I was perusing the interwebs for entertainment and stumbled upon a heretofore unknown to me movie critic’s videos. He was arguing eloquently about the merits of the unfortunate Spider-man 3, and one of his arguments caused a revelation. The mental fog cleared, the light shone down upon me, and I finally realized why Man of Steel was such a divisive movie – the misapplication of badassery. I also realized this mistake is behind many of the worst stories, to me, in comic books and their cinematic adaptations.
But first, a discussion of badassery, which may be punctuated with examples as examples may get my point across better than so very many words (which is my way of saying this entry is pretty dang long).
Badass – The quality of badassery in the superhero genre (to me) can be described thusly (not all descriptors will be present in every example) – charismatic, above-average toughness that manifests as being hard to hurt and/or quick to heal and/or high pain tolerance, almost always is direct in speech and often blunt, gruff, or insulting, cool, calm and collected in a crisis (until the potential berserker rage) almost to the point of disbelief, low tolerance for rules, regulations, and sometimes laws, and usually a loner or at least does not like working on teams and as such is often hostile to the team leader. Badasses have a propensity costumes with a muted color palette (if they even wear a costume), leather garments, the color black, alcohol and alcoholism, and usually have some kind of tragic past and a soft spot for certain kinds of people (often children).
Tends to have excellent melee fighting skills and/or effective but unskilled berserker rages (intellectual badasses are rare, unfortunately). Superpowers for both heroes and villains range from none at all to being a Brick and always include sex appeal (no matter how unlikely that would seem on the surface of things, but more on that later). Heroic badasses often face nearly impossible odds and yet come out victorious (although sometimes these are hollow victories), and of course often slide more into the gray area of the hero-to-anti-hero scale.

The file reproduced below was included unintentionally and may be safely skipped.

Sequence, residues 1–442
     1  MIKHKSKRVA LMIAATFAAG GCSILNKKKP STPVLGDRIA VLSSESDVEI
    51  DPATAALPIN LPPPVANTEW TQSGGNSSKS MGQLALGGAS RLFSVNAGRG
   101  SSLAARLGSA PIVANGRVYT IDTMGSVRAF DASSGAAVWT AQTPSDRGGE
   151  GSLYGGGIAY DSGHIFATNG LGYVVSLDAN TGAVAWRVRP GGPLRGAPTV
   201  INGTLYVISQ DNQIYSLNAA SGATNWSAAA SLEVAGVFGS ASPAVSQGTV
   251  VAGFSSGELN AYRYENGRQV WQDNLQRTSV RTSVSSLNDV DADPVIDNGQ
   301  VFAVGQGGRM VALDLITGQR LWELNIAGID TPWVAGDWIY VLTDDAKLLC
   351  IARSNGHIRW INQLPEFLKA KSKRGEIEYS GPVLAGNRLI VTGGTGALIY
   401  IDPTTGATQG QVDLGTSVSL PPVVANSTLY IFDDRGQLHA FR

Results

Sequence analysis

Sad sack – The opposite of badassery in the superhero genre is being a sad sack (see also “butt monkey“). A sad sack can be described thusly (not all descriptions will be present in every example) – uncharismatic, lack of confidence in any or all abilities, skills, and/or relationships, non-confrontational, desperate for approval from some authority and/or family figure, often disappoints those around him/her, ambition that exceeds the ability to achieve it, longs to belong to a group or be on a team, is often unappreciated in costume and out of costume, either can’t hold down a normal job or is completely entrenched in a normal job, never seems to get ahead in costume or out of costume, generally has no luck or bad luck, and a tendency to be in the wrong place at the wrong time.
Can actually share many qualities with a badass like a tragic past, a debilitating weakness, excellent fighting skills, and awesome powers, but is more likely to have intelligence-based skills, lousy fighting skills, and lame powers. Villainous sad sacks tend to have worse fighting skills and lamer powers than heroic sad sacks. Heroic sad sacks barely seem able to achieve any sort of victory no matter how much of an advantage they should theoretically have and villainous sad sacks are unfortunately adept at snatching defeat from the jaws of victory. There is also a sense of hopelessness about the sad sack, that either the sad sack feels the situation is hopeless, or the audience knows that despite the sad sack’s best efforts, life is just not going to get any better.
Like good and evil, few characters are total badasses or total sad sacks. Most characters (hero and villain) lie somewhere in between, and often characters have story lines that push them one way or the other. That’s fine; every hero/villain gets down on their luck sometimes or catches a break that pushes them from the minors to the majors. Power creep being the insidious disease that it is usually results in characters sliding more towards total badassery over time. This is a problem because once the extremes are reached (as with good and evil) the character becomes boring. At that point the writers either have to take the character down a notch, or push the stories towards the absurd and market the character as pure indulgence.
1) Paragon physical badass – always Wolverine. He’s been Marvel’s highest-ranking badass since the ’80s and I don’t see any other character coming along to dethrone him. I don’t care if James Howlett is dead, there’s still Daken (his, er, son [I am not getting into that mess]), Wolverine née X-23 (his female clone), Old Man Logan (from an alternate reality) and Age of Apocalypse Wolverine (from a different alternate reality). And although it makes no sense for Original!Wolverine to be attractive (he’s 5’3″, extremely hairy, sweaty, and smells of cigar smoke), his charisma, Bad Boy attitude, and Broken Bird status seem to be hard to resist.